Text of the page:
Biker groups thrive in post gaddafi libya

The Sunday Guardian - - The Week -

TRIPOLI: Don­ning leather and hel­mets, they roar along Libya’s hair-rais­ing, pot­holed roads on care­fully pol­ished Har­ley David­sons and Kawasakis. Part of a grow­ing scene, there are now hun­dreds of bik­ers in Tripoli alone who come from all walks of life. One is the imam of a lo­cal mosque, an­other a 60-year-old me­chanic who lived nearly three decades in Texas. Rid­ing past - of­ten in groups - on their gleam­ing ma­chines, they stick out in Libya, where a con­ser­va­tive so­ci­ety still bears the scars of decades of au­thor­i­tar­ian rule under for­mer Libyan leader Muam­mar Gaddafi, and the rev­o­lu­tion and con­flict that fol­lowed. They say their hobby lifts moods in a coun­try worn down by years of vi­o­lence and po­lit­i­cal up­heaval since Gaddafi’s ouster in 2011. Most bik­ers do reg­u­lar pro­fes­sional jobs. Some have im­ported pow­er­ful modern rac­ing bikes, oth­ers have re­built or adapted older, clas­sic mod­els. Biker groups have also sprung up in other ma­jor Libyan cities in­clud­ing Beng­hazi and Za­wiya.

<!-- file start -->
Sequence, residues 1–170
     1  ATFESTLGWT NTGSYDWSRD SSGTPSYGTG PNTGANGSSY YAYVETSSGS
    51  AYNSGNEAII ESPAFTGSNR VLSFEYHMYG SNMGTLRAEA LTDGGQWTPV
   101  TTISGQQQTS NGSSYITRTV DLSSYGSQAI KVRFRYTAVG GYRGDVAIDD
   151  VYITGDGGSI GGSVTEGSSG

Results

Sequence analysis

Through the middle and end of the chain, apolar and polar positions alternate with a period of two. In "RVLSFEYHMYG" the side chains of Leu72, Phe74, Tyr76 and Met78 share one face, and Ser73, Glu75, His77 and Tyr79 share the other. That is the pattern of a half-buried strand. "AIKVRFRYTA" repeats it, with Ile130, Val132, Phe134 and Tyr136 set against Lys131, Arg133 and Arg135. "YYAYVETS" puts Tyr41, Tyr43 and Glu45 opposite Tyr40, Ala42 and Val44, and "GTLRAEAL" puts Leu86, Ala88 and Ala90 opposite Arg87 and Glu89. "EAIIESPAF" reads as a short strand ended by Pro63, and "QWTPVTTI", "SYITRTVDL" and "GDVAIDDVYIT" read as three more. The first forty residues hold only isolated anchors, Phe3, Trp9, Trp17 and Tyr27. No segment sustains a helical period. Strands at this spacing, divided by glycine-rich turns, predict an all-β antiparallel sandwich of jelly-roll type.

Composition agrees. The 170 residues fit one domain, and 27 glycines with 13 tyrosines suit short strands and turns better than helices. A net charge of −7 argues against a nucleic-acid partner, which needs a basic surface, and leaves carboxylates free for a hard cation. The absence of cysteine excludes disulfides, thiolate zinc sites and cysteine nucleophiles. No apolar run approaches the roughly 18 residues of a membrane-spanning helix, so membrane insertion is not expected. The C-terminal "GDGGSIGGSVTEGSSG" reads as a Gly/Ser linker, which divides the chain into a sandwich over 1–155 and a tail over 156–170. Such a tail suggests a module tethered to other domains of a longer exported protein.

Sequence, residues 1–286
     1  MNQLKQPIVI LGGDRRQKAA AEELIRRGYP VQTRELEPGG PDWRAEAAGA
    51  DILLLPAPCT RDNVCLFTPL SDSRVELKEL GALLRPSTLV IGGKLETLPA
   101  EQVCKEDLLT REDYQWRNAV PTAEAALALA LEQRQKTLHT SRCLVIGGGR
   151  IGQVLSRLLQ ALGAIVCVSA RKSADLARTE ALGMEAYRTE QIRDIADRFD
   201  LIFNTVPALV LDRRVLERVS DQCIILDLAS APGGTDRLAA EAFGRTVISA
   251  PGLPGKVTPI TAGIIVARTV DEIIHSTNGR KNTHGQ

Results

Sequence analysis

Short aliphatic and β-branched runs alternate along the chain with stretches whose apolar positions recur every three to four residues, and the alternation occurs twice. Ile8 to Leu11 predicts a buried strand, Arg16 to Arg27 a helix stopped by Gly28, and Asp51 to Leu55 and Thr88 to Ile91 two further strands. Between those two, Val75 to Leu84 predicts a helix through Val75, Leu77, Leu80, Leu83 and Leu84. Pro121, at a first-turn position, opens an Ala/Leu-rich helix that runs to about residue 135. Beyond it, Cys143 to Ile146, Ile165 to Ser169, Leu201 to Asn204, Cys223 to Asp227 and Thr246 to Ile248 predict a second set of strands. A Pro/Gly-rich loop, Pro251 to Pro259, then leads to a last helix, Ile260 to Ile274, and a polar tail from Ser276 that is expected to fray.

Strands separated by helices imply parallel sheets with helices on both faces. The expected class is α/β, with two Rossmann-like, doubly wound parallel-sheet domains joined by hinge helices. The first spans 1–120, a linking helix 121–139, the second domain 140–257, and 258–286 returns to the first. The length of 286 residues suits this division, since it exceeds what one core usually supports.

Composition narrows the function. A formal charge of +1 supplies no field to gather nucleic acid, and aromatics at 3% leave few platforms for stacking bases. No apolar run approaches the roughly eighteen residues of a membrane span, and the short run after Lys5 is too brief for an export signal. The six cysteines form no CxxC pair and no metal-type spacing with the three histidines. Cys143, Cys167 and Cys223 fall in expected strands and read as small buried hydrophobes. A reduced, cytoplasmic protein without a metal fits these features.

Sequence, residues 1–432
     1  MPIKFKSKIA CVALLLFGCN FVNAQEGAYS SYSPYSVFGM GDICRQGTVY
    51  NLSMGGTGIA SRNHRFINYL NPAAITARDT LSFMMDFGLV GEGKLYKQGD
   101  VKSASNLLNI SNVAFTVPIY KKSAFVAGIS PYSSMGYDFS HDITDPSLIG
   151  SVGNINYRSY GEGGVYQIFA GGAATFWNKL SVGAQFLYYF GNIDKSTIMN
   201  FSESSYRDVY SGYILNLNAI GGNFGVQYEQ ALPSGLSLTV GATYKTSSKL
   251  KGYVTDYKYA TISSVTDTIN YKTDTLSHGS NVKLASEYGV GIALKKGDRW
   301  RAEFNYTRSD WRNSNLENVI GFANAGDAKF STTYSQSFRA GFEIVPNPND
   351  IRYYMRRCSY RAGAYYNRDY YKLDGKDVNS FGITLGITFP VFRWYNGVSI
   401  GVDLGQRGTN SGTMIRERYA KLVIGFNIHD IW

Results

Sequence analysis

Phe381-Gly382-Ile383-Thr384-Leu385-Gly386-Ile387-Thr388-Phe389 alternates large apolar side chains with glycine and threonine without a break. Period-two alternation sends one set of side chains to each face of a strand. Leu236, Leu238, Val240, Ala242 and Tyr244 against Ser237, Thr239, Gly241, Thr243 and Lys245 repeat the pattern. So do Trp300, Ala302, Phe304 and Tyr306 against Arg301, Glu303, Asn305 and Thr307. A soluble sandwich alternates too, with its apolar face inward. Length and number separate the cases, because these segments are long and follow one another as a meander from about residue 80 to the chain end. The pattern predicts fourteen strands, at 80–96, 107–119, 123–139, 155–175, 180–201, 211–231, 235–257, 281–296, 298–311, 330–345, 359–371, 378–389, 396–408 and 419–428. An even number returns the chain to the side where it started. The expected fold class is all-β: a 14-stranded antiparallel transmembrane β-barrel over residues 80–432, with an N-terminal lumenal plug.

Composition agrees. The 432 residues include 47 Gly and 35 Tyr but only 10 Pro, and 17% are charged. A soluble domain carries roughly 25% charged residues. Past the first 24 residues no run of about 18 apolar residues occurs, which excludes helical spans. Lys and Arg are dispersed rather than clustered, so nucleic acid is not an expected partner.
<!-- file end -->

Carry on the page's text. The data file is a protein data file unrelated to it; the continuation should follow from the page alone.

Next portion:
Tripoli bik­ers group.

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